Author Topic: Chapter 1. When strangers meet again(revised) W/C 1,548  (Read 1508 times)

Offline beezy

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Chapter 1. When strangers meet again(revised) W/C 1,548
« on: February 15, 2014, 02:41:07 AM »
1842, London

Every night at approximately midnight, when the sky glittered of stars and the winds were a whispering breeze, Nadya Lovel would close her eyes, rest her palms together as if in prayer and wish for the same thing: a family.

There had been no specific reason as to why midnight was the chosen time. Perhaps it was because that was the exact time when Nadya had first made her wish.

She had been ten years old; a scrawny child with eyes too big for her face and hair too long and thick to tame. And it all started with a simple question: What happened to her parents? Orphaned at the age of five, she was raised by her only other living relatives: her uncle and his wife. Everyday the question lingered in her mind, but never would she voice it aloud because she feared her uncle so. He would always look upon her with such hate in his eyes that Nadya went out of her way to avoid him completely. But for some reason she had suddenly blurted it out in front of him without even thinking.

That was the day she had gotten her first serious beating from her uncle. Her lip was swollen with a nasty cut, and her arms were covered black and blue. She had been instructed to stay inside her vardo for the remainder of the evening without supper. She was to never ask her uncle or—anyone, anything about her mother or father ever again.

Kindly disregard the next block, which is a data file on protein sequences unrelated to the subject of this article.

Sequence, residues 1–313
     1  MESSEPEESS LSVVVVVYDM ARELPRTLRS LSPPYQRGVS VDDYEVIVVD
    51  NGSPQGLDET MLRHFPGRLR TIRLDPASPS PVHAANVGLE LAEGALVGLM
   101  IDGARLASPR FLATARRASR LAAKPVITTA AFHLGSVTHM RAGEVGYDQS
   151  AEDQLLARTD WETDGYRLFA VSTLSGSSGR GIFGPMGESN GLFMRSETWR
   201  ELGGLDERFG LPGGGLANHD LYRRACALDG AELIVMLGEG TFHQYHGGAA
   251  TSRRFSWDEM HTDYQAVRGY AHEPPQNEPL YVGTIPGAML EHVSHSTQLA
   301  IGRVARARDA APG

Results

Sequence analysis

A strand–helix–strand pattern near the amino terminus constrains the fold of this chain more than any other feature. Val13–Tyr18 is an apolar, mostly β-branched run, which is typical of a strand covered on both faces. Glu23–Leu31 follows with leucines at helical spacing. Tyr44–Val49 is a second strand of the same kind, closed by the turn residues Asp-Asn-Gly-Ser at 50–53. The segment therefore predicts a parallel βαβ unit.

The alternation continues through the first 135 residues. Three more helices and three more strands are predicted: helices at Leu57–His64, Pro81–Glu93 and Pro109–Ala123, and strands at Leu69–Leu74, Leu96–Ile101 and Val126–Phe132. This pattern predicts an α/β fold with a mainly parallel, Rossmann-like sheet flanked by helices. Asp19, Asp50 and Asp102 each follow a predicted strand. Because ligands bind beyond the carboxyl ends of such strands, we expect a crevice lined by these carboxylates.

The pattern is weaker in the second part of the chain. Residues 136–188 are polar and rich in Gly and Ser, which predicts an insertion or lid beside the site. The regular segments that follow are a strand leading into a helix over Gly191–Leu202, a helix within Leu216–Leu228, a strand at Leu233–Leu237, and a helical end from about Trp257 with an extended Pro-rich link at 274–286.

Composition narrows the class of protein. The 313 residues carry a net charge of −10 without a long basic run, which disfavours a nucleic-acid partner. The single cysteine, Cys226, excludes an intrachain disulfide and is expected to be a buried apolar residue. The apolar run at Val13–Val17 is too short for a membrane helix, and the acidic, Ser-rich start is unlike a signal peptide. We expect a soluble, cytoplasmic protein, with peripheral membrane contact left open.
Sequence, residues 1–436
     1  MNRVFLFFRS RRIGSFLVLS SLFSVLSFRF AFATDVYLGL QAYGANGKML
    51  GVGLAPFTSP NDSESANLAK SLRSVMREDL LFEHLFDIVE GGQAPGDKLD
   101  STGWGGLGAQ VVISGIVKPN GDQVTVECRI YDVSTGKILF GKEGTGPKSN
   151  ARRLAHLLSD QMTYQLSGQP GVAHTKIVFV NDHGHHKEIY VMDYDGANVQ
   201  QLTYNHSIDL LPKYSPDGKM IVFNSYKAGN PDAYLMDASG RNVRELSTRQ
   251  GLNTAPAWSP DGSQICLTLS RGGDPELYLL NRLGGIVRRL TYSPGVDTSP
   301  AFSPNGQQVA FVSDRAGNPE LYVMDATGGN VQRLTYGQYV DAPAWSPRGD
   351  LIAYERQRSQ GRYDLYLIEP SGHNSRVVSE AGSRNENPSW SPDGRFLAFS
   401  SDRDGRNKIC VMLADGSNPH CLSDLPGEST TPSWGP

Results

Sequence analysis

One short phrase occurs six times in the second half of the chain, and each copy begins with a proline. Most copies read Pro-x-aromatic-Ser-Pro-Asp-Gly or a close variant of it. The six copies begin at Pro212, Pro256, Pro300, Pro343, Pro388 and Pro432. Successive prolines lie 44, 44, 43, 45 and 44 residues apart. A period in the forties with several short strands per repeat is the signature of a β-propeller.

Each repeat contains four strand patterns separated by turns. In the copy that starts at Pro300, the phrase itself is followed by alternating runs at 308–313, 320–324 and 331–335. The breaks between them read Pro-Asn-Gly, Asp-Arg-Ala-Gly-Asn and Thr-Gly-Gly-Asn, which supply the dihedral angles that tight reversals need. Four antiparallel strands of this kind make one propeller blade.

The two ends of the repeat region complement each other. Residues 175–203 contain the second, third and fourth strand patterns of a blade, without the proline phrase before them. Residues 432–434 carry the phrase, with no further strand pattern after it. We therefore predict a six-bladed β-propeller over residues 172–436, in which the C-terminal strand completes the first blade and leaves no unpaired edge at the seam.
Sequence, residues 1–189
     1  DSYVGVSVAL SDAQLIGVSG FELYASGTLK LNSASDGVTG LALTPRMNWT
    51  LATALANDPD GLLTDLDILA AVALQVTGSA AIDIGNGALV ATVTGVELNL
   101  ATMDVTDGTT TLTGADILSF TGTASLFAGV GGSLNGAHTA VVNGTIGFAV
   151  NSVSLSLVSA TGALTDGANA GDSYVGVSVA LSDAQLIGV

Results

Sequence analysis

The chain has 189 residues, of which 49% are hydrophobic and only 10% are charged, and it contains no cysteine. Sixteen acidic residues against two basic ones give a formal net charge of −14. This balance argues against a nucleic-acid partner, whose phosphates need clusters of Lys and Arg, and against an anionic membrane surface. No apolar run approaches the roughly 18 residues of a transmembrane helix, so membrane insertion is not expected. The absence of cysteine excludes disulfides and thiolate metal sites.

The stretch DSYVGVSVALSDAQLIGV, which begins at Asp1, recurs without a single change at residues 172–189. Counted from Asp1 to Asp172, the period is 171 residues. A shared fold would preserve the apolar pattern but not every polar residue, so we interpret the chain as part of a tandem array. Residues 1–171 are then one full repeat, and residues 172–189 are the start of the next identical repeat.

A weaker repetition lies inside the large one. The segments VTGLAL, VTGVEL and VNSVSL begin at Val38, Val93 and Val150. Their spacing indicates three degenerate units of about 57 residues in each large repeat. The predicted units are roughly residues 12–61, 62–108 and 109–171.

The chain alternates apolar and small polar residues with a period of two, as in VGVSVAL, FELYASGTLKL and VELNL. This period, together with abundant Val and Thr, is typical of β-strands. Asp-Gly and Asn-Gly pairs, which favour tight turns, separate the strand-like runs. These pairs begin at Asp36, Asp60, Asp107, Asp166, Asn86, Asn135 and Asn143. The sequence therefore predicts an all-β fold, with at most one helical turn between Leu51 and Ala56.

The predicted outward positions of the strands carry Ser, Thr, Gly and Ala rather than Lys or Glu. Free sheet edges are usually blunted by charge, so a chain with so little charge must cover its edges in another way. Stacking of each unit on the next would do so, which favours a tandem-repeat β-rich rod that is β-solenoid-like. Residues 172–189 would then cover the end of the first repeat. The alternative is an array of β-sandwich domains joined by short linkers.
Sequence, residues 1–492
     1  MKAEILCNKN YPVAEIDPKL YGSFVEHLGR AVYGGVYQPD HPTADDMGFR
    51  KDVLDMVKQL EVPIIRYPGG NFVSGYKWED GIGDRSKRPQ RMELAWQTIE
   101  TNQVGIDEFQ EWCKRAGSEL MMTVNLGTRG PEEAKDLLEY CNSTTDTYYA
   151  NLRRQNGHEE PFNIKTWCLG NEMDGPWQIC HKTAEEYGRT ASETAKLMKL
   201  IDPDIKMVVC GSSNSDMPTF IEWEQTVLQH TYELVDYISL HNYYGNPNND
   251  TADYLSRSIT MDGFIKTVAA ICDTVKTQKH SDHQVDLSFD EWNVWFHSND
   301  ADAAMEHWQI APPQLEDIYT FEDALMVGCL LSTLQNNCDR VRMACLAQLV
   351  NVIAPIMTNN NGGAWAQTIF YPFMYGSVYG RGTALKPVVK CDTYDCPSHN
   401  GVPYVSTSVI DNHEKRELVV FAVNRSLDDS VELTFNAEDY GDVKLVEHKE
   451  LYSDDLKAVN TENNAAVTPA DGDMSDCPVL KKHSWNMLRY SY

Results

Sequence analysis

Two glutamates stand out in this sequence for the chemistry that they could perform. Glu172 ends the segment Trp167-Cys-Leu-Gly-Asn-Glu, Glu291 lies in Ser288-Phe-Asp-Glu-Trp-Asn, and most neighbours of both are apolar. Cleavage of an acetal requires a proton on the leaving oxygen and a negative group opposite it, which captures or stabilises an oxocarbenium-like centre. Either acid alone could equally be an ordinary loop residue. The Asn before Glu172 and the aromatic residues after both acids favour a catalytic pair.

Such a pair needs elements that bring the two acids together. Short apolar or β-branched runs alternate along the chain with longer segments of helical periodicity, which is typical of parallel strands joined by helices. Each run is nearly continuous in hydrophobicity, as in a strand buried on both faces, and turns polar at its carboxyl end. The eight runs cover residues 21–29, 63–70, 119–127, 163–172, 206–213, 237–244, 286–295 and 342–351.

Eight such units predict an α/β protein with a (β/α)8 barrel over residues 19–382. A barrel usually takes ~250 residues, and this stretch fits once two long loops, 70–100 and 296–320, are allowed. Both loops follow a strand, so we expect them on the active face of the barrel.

Later that night Nadya had found it impossible to sleep. Her limbs were sore, her head ached, and her stomach growled in pain. After spying a nearby clock indicating it was midnight, she looked out of the small bar covered window toward the heavens with streaks of tears running down her face. She closed her eyes and wished for a mother that would hold her while she went to bed; a father strong and wise to guide her; a brother to argue and play with; and a sister to look after. She had poured her heart and soul into that wish, using every ounce of her energy. And then finally after an hour, had fallen asleep.

Thus began the tradition. Every night that followed she wished, and every morning when she would awake upon the hardened floor of her vardo, she called herself a fool for believing that a nice loving family would somehow appear before her and whisk her away.

Now at the age of nineteen, Nadya thought she had outgrown this silly desire. Wishes were for children, and she was no longer a naive ten year old gypsy. She was practically an adult; it was time for her to start thinking like a sensible one. So when her tribe moved to London a month ago, offering new sceneries and faces, Nadya was determined to put her longing behind her. The wishing had ceased, but the yearning she felt had only intensified. It grew stronger every day and occupied her thoughts constantly. For once, she wanted to feel apart of something, to be loved; wanted.

And so, at approximately midnight in the middle of her campsite in the woods of green forest, she slipped out of her vardo and made her way toward a nearby oak tree, calling herself a fool with each step. Certain that she was alone, she quietly approached the large tree and rested her back against its bark with her knees pulled up to her chest.